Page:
Archive for category Contributors
Old travel books never cease to delight me. While century-and-more books used to be available mainly in rare book collections of major libraries, the magic of archive.org brings digital life to the genre. Take, for example, the travel account of Claudius James Rich, whose 1820 trip from Baghdad, where he was posted as a British diplomat, to Kurdistan is a fascinating account of the Kurdish area almost two centuries ago. Born on March 28, 1787 near Dijon in Burgundy, the lad grew up in Bristol, England. He was tutored in Greek and Latin, but at the age of eight or nine he saw a book in Arabic and his appetite was whetted. By the age of fifteen, he had made great progress in Arabic, Hebrew, Syria, Persian and Turkish. Rich came of age when “Oriental Studies” carried no stigma. In 1804 he made his way through Malta and Italy to Istanbul and Egypt.
Like Burton, who would follow, Rich dressed as a Mameluke and left Egypt for Palestine and Syria. In Damascus he visited the Great Mosque. Then on he trekked to Aleppo and Baghdad before continuing on his way to India, where he arrived in 1807. A year later he married and set off to be the British Resident in Baghdad. He was an avid collector of manuscripts, many of which ended up in the British Library, coins and antiquities. He was one of the first Englishmen to describe the ruins of Babylon. His health began to deteriorate in 1813 and by 1821 he died of cholera in Shiraz.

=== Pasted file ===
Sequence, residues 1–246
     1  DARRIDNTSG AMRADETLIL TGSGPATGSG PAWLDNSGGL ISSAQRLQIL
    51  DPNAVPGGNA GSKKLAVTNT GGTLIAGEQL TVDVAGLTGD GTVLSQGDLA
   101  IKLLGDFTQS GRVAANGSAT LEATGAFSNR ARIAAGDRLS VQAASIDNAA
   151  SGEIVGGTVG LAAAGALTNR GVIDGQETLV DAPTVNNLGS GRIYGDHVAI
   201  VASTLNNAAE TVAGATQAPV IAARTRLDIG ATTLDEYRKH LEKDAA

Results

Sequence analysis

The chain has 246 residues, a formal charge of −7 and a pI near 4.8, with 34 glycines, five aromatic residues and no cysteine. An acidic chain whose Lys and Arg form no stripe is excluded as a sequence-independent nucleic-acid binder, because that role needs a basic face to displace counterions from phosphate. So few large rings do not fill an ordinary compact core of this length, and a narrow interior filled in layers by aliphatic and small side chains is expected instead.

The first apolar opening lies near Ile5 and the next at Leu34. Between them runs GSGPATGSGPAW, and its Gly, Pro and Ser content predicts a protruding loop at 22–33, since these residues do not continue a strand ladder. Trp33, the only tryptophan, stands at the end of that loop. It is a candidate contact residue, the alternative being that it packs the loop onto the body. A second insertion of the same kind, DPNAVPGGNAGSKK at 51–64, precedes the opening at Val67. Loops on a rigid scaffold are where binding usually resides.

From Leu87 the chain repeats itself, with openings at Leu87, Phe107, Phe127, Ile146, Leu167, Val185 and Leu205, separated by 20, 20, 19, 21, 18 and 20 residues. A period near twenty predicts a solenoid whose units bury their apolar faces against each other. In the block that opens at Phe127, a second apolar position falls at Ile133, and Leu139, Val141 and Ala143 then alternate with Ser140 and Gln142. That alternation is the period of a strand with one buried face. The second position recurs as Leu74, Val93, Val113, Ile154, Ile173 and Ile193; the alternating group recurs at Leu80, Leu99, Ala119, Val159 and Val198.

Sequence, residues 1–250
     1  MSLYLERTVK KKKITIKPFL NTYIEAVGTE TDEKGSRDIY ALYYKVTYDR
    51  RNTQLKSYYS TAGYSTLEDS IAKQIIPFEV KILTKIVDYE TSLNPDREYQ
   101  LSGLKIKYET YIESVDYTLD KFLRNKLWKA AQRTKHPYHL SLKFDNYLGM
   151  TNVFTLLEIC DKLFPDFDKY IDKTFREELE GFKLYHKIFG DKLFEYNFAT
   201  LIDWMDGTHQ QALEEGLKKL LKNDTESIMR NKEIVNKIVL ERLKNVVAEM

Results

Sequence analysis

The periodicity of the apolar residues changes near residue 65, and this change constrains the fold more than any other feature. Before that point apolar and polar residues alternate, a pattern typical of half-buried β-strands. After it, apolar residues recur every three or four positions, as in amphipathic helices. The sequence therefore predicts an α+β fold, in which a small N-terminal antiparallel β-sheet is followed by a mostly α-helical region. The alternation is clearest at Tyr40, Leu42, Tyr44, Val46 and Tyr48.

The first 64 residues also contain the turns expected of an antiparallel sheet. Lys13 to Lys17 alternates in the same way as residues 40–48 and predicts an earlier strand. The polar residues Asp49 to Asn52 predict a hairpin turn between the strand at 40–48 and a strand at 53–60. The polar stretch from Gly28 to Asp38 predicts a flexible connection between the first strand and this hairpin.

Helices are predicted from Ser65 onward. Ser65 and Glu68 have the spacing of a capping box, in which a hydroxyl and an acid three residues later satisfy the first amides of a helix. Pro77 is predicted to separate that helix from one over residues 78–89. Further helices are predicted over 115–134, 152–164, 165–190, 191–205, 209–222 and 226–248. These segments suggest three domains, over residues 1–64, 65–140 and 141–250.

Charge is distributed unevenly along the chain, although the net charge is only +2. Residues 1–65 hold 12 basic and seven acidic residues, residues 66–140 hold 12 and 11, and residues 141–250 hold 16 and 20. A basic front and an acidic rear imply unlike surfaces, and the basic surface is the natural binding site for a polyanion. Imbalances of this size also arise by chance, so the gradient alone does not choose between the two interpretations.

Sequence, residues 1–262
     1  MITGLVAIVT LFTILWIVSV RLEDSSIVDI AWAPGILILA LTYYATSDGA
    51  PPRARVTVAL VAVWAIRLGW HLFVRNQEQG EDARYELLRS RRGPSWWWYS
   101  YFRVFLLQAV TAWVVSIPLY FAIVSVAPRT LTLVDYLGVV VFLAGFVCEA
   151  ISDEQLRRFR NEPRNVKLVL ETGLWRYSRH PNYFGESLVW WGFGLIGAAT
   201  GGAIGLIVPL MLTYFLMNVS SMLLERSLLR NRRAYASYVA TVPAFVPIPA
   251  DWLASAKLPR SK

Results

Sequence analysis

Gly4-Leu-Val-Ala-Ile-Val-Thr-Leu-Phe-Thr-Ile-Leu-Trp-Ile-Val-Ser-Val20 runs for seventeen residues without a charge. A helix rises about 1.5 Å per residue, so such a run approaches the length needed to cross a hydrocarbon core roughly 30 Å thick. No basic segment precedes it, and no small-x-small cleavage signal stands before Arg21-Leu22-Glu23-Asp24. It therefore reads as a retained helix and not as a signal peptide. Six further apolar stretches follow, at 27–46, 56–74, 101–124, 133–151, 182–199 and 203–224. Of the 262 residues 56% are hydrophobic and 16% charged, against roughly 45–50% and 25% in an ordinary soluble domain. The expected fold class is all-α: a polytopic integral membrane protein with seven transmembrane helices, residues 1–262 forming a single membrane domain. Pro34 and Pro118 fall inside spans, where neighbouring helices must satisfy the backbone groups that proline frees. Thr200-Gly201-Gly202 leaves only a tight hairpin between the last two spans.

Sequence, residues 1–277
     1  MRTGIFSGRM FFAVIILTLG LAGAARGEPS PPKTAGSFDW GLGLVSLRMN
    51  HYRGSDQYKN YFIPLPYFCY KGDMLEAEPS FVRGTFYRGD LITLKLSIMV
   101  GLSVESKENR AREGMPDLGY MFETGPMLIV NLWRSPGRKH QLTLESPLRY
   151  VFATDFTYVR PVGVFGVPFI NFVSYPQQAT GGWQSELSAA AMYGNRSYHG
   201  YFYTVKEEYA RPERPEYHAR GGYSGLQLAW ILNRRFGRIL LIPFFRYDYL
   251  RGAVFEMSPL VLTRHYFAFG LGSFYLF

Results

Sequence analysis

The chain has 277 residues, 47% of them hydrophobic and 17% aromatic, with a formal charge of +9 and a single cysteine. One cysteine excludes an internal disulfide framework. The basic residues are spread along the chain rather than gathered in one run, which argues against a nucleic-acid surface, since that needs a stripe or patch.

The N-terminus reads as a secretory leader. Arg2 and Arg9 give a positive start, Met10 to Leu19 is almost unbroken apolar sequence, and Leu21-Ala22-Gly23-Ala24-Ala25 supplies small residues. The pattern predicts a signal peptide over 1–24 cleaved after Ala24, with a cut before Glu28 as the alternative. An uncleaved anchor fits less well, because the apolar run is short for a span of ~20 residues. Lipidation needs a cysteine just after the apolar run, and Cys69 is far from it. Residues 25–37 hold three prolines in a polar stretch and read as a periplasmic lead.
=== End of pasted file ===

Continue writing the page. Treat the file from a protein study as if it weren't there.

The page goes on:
Among the people he met in Kurdistan were important members of the Jaff family, as he describes below:
The Rise of the Sufis
by Matthew Barber—This story first appeared on Syria Comment
Newly-elected to the Syrian National Coalition, Sheikh Mohammad al-Yaqubi is moderate, influential, and ready to go to work
From the beginning of the uprising, mainstream Syrian Sunni ‘ulema—the traditional scholars who have spoken for Islam for centuries and who most Syrians recognize as the quintessential voices for religious interpretation—have been marginalized in the Syrian opposition, as Islamists of Salafi and Muslim Brotherhood persuasion steamrolled their way to dominance in both the SNC and the National Coalition. But an emerging Sufi current within the Syrian resistance could soon provide an alternative to Muslim Brotherhood hegemony and change the dynamics of the political opposition.
Sheikh Muhammad al-Ya’qoubi has just been elected to the National Coalition, the first figure of the Sufi ‘ulema to break through the Islamist exclusivity that has kept them out until now. His appointment will be announced shortly at a National Coalition conference. Along with other Sufi sheikhs, al-Ya’qoubi is heading up efforts to solidify a Sufi bloc of political leadership and nationalist-oriented rebel groups fighting in Syria who give allegiance to the leadership of Sufi ‘ulema. He also supports efforts to train Syrian rebels in Jordan.
Early on in the uprising, the Muslim Brotherhood worked to dominate the political opposition. The SNC primarily consisted of parties loyal to the Muslim Brotherhood. The National Coalition was later created to break this one-sided disparity, but ended up being dominated by others with Muslim Brotherhood connections, as well.